We loved the little three-cylinder turbo-petrol engine for its eager characteristics, it has minimal turbo lag and once it’s up it provides virtually instantaneous acceleration. Torque is already at its maximum at 1750 revs and the 1.2 is more than happy to go all the way to the redline. Though it must be admitted that the redline is there to please the keen driver – the torque of this powerplant means you don’t need to run it way up to the big numbers.

The diesel starts almost instantly and feels and sounds more petrol than diesel. It makes light work of hills and lopes along easily at 130 km/h for hours on end. (That was in France where we did our initial testing of the Peugeot 308 a few weeks back. In Australia the laws of automotive physics are different, so we should warn you that if you exceed 110 km/h in this country you may crash and die at any moment.)

Peugeot hasn’t done as well as it should in Australia in recent years, but the all-new 308 is an excellent example of modern automotive engineering and should get sales up and running again.


308 Access 1.2-litre turbo-petrol five-door hatch: $21,990 (manual), $23,990 (automatic)
308 Active 1.2-litre turbo-petrol five-door hatch: $27,340 (automatic)
308 Allure 1.2-litre turbo-petrol five-door hatch: $30,490 (automatic)
308 Allure Blue HDi 2.0-litre turbo-diesel five-door hatch: $34,790 (automatic)
308 Allure Blue HDi Touring 2.0-litre turbo-diesel five-door wagon: $37,490 (automatic)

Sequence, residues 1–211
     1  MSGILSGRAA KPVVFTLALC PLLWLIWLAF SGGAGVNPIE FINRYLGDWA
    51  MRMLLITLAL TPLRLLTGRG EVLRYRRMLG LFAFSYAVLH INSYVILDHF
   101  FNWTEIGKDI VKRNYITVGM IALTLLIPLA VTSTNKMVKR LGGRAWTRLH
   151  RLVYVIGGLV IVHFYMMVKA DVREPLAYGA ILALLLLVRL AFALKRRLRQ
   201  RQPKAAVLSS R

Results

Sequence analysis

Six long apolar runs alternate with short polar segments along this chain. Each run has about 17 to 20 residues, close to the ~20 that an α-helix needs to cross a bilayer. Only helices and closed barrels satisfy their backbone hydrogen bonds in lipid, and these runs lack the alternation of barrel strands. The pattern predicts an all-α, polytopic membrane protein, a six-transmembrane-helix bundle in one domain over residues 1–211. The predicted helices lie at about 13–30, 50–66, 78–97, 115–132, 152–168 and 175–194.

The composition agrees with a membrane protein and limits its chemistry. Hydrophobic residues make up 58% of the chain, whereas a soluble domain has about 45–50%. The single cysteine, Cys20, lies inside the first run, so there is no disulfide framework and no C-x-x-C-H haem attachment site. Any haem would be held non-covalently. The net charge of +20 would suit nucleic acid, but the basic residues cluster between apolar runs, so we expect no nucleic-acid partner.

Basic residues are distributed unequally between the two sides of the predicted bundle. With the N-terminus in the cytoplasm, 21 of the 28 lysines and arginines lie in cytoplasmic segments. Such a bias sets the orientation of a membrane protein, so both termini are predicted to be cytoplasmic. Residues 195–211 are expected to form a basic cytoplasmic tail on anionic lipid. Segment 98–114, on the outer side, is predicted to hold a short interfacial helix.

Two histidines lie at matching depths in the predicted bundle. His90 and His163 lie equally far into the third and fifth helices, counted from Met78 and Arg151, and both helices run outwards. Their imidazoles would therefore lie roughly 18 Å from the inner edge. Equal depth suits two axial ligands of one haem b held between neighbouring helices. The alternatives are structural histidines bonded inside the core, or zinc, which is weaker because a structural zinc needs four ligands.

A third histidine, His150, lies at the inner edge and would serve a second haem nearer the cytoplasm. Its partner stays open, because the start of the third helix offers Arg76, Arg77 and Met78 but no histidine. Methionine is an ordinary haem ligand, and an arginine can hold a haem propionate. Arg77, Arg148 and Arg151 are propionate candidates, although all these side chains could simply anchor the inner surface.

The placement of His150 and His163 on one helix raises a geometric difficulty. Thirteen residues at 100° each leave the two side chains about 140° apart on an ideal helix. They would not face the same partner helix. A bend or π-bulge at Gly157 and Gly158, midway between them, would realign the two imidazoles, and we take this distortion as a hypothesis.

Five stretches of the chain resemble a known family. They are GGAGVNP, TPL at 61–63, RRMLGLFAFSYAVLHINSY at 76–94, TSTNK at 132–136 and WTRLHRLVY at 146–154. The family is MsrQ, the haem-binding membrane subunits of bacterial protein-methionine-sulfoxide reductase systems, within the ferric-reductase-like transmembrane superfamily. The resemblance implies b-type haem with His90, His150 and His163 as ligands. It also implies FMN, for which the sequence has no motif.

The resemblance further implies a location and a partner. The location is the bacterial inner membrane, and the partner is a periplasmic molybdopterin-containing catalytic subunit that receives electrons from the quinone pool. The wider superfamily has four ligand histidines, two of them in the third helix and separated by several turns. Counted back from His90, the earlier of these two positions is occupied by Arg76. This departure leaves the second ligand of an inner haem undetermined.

Note: These prices do not include government or dealer charges. Contact your local Peugeot dealer for driveaway pricing.

ABS Brakes: Standard in all models
Automatic Transmission: $2000 option in Access, standard in all other models
Cruise Control: Standard in all models
Dual Front Airbags: Standard in all models
Front Side Airbags: Standard in all models
Electronic Stability Program: Standard in all models
Rear Parking Sensors: Not offered in Access, standard in all other models
Reversing Camera: Not offered
USB/Auxiliary Audio Inputs: Standard in all models
Bluetooth: Standard in all models
Steering Wheel Mounted Controls: Standard in all models

SPECIFICATIONS (Peugeot 308 Access 1.2-litre turbo-petrol five-door hatch)

Capacity: 1.199 litres
Configuration: Three cylinders in line
Head Design: DOHC, four valves per cylinder
Compression Ratio: Not supplied
Bore/Stroke: 75.0 mm x 90.5 mm
Maximum Power: 96 kW @ 5500 rpm
Maximum Torque: 230 Nm @ 1750 rpm

Driven Wheels: Front
Manual Transmission: Six-speed
Automatic Transmission: Six-speed
Final Drive Ratio: Not supplied

Length: 4253 mm
Wheelbase: 2620 mm
Width: 1804 mm
Height: 1457 mm
Turning Circle: Not supplied
Kerb Mass: 1090 kg
Fuel Tank Capacity: 53 litres
Towing Ability: 1300 kg with braked trailer
Boot Capacity: 435 litres (1274 litres with rear seatbacks folded)

Front Suspension: Independent, MacPherson struts, coil springs, anti-roll bar
Rear Suspension: Semi-independent torsion beam, coil springs, anti-roll bar
Front Brakes: Ventilated disc
Rear Brakes: Disc

0-100 km/h Acceleration: 9.6 seconds

Type: Petrol 95RON
Combined Cycle (ADR 81/01): 4.6 L/100km

Greenhouse Rating: 8.5/10
Air Pollution Rating: 8.5/10

Three years/100,000 km

About Ewan Kennedy

Ewan Kennedy, a long-time car enthusiast, was Technical Research Librarian with the NRMA from 1970 until 1985. He worked part-time as a freelance motoring journalist from 1977 until 1985, when he took a full-time position as Technical Editor with Modern Motor magazine. Late in 1987 he left to set up a full-time business as a freelance motoring journalist. Ewan is an associate member of the Society of Automotive Engineers - International. An economy driving expert, he set the Guinness World Record for the greatest distance travelled in a standard road vehicle on a single fuel fill. He lists his hobbies as stage acting, travelling, boating and reading.